If you're new to the site, maybe you've missed the adventures of The Thin Hungry Man. Julie has kind of forgotten about him, bless his heart. Since we don't have a picture of the Thin Hungry Man, Morty let us use his picture, but with the understanding that Julie will get back to writing and get him back on his way in the next few weeks. In her defense, she's been working on another book which will hopefully be published soon! In the meantime, enjoy!
THM 1 - The Thin Hungry Man Has An Idea It Hurts
THM 2 - Into Nothing
THM 3 - Bright New World
THM 4 - Lunch at the End of the Tunnel
THM 5 - At Long Last Lunch
THM 6 - An Unwelcome Guest
Like cats and writers, books and tea go hand in hand. Julie and Jarad could probably be termed, "tea addicts." As such, they're here to tell you all about their favorite teas today!
When I was a little girl, hot tea was more than a drink for me, it was a connection with a cosy world of English bedtime stories. In my favorites stories, particularly Alice in Wonderland, tea played an important role. Tea felt like something a writer would drink. Where I grew up in the South, iced sweet tea was popular, but in the morning and the winter, most people went to coffee for warmth and caffeine. Other than my mom, a yankee, I didn’t know a lot of people who sat down with a cup of hot tea in the afternoon to read a book. But she did, and it was a habit I picked up.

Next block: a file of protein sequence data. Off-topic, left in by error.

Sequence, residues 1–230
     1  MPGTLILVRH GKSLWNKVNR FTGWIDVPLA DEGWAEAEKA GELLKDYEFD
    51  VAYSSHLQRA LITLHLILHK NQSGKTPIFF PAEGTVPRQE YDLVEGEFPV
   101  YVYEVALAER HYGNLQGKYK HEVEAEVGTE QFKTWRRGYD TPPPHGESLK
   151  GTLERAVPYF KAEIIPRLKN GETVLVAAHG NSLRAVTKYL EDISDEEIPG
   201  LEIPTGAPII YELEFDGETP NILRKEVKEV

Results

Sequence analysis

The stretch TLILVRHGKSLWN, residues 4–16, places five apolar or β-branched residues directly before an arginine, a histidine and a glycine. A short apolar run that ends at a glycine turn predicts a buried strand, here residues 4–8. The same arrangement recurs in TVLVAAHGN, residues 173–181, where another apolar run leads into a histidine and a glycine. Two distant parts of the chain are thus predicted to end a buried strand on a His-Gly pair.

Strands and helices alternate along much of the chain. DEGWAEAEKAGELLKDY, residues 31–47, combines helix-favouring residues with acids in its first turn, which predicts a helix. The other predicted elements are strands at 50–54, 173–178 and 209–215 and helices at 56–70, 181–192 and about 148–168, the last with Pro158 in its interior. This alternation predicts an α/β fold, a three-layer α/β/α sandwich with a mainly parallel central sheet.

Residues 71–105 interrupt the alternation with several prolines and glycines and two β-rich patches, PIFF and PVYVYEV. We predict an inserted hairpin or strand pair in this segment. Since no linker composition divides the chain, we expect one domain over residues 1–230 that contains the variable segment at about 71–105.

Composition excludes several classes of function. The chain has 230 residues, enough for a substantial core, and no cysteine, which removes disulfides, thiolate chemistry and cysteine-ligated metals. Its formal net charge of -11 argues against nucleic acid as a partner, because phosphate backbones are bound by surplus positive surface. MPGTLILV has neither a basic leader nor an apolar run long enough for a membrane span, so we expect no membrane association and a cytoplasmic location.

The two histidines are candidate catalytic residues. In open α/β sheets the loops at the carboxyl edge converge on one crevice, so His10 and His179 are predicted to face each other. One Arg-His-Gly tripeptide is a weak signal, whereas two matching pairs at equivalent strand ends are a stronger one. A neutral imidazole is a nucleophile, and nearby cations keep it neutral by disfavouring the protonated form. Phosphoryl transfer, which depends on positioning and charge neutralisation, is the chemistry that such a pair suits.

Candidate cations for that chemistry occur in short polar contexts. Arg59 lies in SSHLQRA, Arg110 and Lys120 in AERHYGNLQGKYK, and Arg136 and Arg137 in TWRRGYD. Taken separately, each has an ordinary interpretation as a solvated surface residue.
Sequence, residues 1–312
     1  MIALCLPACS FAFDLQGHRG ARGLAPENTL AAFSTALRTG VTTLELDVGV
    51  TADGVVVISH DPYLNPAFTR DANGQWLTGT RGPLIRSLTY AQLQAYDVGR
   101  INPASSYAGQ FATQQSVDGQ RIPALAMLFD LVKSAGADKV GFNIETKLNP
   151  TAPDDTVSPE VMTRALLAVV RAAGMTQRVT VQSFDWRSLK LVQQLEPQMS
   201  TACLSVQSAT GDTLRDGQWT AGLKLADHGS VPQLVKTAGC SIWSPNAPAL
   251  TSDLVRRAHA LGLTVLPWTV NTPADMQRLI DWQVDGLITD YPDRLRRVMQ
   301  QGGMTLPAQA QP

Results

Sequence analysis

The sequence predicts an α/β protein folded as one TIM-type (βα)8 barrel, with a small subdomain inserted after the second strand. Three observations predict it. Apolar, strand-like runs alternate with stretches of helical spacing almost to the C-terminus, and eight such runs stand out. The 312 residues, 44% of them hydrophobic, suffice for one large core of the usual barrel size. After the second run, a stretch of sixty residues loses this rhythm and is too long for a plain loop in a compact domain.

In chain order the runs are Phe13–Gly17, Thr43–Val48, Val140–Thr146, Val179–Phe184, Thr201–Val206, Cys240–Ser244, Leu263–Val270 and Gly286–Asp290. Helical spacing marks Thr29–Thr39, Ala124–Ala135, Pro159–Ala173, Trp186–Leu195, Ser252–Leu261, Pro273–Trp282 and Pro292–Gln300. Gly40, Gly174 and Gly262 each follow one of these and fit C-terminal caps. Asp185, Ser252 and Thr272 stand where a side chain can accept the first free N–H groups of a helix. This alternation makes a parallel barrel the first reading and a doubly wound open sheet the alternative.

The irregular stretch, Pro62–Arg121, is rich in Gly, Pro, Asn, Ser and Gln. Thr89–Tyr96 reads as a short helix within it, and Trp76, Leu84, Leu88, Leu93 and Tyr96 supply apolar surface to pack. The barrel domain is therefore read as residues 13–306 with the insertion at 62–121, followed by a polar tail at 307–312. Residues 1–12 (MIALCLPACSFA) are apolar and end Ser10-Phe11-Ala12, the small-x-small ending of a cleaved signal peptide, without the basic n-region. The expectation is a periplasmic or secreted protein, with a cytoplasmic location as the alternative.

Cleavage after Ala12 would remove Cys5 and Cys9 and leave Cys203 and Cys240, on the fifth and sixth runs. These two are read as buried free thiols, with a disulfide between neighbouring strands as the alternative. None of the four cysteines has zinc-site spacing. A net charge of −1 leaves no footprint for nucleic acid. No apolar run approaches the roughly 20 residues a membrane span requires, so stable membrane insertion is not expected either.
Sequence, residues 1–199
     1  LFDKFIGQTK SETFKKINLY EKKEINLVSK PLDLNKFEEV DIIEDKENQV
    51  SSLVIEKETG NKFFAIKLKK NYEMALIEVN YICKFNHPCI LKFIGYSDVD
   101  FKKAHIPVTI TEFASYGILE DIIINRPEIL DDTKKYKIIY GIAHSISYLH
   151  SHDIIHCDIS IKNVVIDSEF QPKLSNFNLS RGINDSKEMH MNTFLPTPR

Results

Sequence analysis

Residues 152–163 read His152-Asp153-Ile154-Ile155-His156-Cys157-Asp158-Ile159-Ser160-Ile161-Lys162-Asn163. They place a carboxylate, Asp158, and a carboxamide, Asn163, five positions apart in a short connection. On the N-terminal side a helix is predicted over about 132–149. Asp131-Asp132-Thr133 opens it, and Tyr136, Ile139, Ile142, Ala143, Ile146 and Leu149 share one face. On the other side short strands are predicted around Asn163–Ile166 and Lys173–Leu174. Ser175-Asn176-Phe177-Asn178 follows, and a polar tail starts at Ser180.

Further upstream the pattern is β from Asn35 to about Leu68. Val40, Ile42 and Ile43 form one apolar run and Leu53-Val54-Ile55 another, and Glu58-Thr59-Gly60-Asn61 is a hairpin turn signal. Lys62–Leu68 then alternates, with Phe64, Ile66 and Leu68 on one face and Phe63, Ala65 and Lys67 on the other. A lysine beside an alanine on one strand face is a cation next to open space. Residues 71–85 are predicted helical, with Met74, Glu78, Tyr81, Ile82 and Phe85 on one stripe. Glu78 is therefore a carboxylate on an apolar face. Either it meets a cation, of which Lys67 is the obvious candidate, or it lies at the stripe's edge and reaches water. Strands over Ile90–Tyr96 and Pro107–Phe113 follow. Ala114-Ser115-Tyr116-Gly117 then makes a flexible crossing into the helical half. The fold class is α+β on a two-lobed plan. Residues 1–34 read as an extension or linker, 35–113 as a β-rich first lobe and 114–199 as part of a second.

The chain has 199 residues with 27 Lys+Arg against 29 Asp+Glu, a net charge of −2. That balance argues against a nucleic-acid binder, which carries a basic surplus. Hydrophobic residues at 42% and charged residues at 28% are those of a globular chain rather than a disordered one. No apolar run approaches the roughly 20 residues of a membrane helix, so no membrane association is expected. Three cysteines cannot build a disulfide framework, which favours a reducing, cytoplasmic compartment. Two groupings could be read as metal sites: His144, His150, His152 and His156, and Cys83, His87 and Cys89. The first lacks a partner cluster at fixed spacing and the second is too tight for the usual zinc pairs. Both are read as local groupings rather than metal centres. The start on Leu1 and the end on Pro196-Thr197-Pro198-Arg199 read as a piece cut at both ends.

I can remember bringing flowers in from the yard to place on the table, another of my odd habits as a child, making a cup of tea and reading. If the characters in the book I was reading fell on hard times, sometimes I pretended that they could leave the book for just a few minutes and come have tea with me, usually with bread and butter. Of course, I they always had to go back into the book because I needed to finish it…but just minute to pop into the kitchen and refresh themselves? Surely no one would miss them for an hour of tea. (I was quite glad I did this for the dwarves in the hobbit, since so many of them fell in battle at the end, something I was quite inconsolable about.)
When I was growing up, we had regular Lipton tea bags with black tea. I remember being slightly offended when Connie disparaged Miss Bentley’s tea in Lady Chatterley’s Lover. I still prefer a black tea, but I’ve broadened my tastes somewhat. I like flavored black teas. Blackberry is the best. If you make it with honey, it’s summer in a cup. When winter starts to drag me down, I make a steaming, tongue burning cup of it and feel like I’m back in the summer heat, risking the inhospitable teeth of the briars to steal the food of the gods. (Yes, my life is boring…why do you ask?) Although I love winter and autumn spiced teas, like apple and cinnamon or Celestial Seasonings Nutcracker Sweet I get tired of pretending to like cold weather after Christmas so blackberry brings me a little early summer in a cup. Like Jarad, I’m a fan of the old standbys Lady Grey and Earl Grey. As an old lady and a grandmama, I have to admit that I love Constant Comment, an old lady tea if there ever was one.
Now, you’ll have to excuse me because I fancy a cup of tea and I need to decide which of my favorite fictional characters I would like to share it with.
I visited a fruit tree orchard for the first time!